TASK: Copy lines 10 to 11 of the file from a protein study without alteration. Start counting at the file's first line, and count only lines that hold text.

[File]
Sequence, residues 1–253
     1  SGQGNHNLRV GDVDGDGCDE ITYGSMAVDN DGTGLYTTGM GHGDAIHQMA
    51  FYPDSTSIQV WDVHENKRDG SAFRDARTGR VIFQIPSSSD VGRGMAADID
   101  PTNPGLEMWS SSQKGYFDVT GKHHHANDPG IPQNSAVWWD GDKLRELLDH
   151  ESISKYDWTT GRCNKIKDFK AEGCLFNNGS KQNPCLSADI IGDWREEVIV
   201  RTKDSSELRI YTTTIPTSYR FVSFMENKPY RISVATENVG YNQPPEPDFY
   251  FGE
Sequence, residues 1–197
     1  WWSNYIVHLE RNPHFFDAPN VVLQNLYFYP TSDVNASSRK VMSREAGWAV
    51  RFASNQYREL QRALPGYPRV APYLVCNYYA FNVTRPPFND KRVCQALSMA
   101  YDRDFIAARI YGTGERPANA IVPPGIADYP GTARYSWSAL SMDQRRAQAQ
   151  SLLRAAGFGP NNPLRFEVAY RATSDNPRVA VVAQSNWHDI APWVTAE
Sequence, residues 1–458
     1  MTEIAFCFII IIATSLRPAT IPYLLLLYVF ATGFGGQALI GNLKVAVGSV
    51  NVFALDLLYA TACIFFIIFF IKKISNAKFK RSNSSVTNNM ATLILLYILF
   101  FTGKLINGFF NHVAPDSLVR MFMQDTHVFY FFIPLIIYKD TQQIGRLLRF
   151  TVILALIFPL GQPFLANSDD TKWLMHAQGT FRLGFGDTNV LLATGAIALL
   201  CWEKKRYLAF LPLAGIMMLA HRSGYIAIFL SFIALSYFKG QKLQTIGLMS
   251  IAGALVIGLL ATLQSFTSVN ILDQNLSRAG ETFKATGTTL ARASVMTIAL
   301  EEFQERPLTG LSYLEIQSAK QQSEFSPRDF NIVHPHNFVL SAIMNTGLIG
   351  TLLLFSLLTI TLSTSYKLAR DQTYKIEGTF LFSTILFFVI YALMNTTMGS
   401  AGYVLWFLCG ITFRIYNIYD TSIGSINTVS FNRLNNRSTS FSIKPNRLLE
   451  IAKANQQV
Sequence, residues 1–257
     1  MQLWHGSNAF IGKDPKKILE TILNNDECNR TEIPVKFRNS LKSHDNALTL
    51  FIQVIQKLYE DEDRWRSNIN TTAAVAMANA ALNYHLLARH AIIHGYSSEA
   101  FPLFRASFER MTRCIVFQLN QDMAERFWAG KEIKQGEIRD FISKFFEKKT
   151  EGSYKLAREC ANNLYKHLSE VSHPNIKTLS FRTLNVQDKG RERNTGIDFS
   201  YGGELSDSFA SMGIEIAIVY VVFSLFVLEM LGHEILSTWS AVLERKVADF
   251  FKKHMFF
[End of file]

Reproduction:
    51  RFASNQYREL QRALPGYPRV APYLVCNYYA FNVTRPPFND KRVCQALSMA
   101  YDRDFIAARI YGTGERPANA IVPPGIADYP GTARYSWSAL SMDQRRAQAQ